Either way, the interesting thing here is that Congress party honchos and every one authorized to open his or her mouth on behalf of the party on the issue ended up giving Congress baiters a field day. To anyone who is adept at reading political movements it must have been clear that the Congress had overplayed its hand and that someone was going to disallow them the comfort of choosing their time and place to allow the Bill in a compromised avatar. It is alleged in fact that the NAC members were, as part of their co-operational dharma, tasked with dillydallying on the Bill until the Government found a comfortable opportunity to organize some sort of a grand entry on this issue. Anna Hazare is guilty of stealing their thunder. That explains the quibbling about the manner, timing, style even substance of Hazare’s protest by some of the NAC’s loyal members as well as the free float activist brigade.

The resentment of the Congress at the manner in which the protest has spiraled out of control to become a national campaign propelled by common folks and a lot of youth power is also representative of the poor calls the party has made recently. The party’s discomfiture is also to do with the echo of the opposition’s campaign against it on account of the sticky scams that cling to them. Where they were hoping for a reprieve from the humiliation of scams after the heady world cup win, and they tried their best to ride the wave we know, this fast unto death by Hazare has hit them like a bolt from the blue and changed the course of public opinion with greater effect than a yorker. No wonder they have fumbled at every step. Instead of appearing soft, they came across as combative; then when it hit home that this isn’t going their way at all, they let out the advance parties who paddled around ungainly and only added to the depth of public ire. Finally, as you will see, the government will cower and give in. I predict however that the satyaghrahis will not have a clean win of their demands, but not because of the obduracy of the political class, but due in major part to the premeditated opposition by honourable NAC members who feel left out in the cold. But that is a story for another day.

There is some merit in a few dissenting notes held out by skeptics on the issue of peppering the selection committee with civil society mandarins or ordinary Joes because that is tantamount to institutionalizing a mistrust of the political class. One could argue, that in the present season of dubious standards at the highest levels in Government, as we have seen in the appointment of the last CVC, this is almost  a reasonable proposal but it is one that we should, even if painfully, eschew only, just only, to keep the pyramid of political accountability within its pristine isosceles stability. Apart from that essential, but not critical point most other aspects of the draft are workable and within the realm of the possible – after all, how far removed can civil society activism be from logic and fairness than politics, if both were practiced honestly.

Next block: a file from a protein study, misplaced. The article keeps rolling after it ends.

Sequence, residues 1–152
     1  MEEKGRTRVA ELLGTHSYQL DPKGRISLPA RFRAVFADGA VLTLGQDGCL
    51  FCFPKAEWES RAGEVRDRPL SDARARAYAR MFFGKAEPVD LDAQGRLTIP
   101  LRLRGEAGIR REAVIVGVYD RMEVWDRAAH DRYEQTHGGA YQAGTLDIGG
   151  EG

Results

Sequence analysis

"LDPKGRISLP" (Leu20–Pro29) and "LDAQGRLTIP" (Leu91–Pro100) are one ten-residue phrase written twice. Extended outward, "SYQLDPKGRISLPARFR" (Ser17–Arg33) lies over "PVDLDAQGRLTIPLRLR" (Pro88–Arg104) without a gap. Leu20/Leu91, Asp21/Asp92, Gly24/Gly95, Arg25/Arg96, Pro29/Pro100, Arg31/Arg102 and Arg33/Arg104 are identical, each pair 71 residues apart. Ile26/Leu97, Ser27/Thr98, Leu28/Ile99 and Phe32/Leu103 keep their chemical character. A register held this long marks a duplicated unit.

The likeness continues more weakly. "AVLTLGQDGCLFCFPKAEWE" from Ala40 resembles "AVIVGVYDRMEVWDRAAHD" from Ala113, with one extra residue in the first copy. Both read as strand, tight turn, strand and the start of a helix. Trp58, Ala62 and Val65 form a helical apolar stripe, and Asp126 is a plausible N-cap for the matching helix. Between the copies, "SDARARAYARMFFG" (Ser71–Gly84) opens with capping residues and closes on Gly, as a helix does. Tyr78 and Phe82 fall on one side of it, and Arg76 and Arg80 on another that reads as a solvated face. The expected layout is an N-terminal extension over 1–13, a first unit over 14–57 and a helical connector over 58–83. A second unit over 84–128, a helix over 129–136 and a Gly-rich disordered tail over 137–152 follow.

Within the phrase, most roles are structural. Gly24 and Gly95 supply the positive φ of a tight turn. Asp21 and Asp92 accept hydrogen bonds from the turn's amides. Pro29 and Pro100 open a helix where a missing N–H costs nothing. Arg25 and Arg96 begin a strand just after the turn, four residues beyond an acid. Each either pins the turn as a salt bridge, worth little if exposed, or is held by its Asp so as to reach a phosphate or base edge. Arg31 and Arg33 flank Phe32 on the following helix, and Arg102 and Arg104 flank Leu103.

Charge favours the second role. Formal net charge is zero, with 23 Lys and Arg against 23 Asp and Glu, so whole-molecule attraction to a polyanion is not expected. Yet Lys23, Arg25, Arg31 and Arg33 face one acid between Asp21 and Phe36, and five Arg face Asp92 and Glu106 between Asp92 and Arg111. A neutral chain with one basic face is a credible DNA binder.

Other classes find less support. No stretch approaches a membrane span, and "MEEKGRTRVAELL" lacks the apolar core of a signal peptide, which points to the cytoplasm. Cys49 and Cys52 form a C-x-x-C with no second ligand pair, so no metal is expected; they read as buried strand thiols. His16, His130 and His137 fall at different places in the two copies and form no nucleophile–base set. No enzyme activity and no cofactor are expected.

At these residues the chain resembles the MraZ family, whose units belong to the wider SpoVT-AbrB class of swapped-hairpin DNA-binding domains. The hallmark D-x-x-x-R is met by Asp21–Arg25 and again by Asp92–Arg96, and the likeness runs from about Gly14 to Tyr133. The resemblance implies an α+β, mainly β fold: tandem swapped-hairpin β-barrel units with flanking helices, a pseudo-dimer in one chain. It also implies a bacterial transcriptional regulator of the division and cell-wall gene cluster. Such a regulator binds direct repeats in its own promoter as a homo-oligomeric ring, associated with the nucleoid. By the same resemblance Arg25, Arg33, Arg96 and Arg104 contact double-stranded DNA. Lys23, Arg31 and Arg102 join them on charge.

All it needs now is that the Prime Minister takes the bait, and agrees to the proposed Bill hook, line and sinker. Anything short of that is almost like trying to row a sinking boat – with much optimism, but not a lot of hope.


This post has appeared as an op-ed piece in The Pioneer, New Delhi on Saturday 9th April, 2011 under a different headline.

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3 Responses to “The Lokpal Pill”
  1. Anoop Purushottam says:

    Mr.Kaul,just wanted to remind you of what a certain K.N.Govindacharya…yeah the same one who was the brain behind Ramkishan Yadavs theatrics has to say on BJP….(No need to remind you of his other crederntials.)…He actually said that the principal reason for the people like Ramdev & Anna Hazare to emerge as the new messiahs of the middle class is the monumental failure of the BJP to shoulder its responsibility as the principal opposition party….And to think that Nitin Gadkari said in one of his foot-in-mouth stupor that after 2014 BJP will emerge with a majority…..some sense of humour this…Agreed Congress is playing very badly…but does that mean that BJP should look towards the sky for the rains to fall????The present leadership of the BJP is nothing but a worse compliment the RSS can give to the Congress….Manmohan Singh never speaks….and here we have a party president who is an exponent in puttting his feet in the mouth at the same time….Mr.Kaul,your derision for the Congress is not misplaced but your advocacy for the right wing cause is a laugh riot…..

  2. sanjaykaul says:

    All par for the course. Tectonic shifts produce a lot of disturbance. We have to take it and move on.

  3. sh says:

    What is your take on this blog? is it an over expression?